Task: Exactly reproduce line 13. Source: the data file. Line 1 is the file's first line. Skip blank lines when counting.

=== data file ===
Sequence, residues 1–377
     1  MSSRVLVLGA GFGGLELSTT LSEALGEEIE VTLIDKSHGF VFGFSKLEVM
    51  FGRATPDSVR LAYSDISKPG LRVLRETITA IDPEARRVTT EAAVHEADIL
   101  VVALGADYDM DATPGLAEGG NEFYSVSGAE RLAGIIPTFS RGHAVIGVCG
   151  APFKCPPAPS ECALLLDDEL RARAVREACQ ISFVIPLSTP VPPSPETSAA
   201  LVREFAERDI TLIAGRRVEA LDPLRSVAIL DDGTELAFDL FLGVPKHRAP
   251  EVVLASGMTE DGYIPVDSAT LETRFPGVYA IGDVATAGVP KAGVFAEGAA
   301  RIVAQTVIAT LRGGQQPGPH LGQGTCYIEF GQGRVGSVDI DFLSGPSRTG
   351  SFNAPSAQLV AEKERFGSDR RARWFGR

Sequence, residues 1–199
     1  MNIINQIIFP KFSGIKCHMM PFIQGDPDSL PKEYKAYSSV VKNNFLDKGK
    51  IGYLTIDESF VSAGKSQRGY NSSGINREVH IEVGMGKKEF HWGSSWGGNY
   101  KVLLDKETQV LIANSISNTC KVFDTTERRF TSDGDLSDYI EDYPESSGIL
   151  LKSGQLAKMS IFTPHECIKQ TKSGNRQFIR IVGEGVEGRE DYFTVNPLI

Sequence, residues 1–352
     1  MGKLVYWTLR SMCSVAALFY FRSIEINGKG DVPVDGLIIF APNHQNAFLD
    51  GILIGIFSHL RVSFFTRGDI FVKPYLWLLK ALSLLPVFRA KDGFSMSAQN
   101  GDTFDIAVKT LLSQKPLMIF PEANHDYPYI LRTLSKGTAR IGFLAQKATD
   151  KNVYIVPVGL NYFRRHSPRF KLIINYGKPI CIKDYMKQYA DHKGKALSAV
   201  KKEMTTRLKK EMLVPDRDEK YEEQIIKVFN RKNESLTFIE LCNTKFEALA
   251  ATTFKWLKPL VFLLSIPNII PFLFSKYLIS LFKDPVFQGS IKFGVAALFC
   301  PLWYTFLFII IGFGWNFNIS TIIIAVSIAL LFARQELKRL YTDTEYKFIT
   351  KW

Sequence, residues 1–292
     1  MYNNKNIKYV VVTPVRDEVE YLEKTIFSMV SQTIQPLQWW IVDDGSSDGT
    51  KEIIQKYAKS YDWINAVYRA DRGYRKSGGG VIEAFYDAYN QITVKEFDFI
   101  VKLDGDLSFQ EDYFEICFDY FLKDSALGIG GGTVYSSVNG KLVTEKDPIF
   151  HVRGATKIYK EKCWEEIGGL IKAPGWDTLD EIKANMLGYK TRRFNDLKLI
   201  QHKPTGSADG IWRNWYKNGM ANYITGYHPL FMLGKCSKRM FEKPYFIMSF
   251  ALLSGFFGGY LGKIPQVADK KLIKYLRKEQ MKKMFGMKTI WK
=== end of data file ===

   101  KVLLDKETQV LIANSISNTC KVFDTTERRF TSDGDLSDYI EDYPESSGIL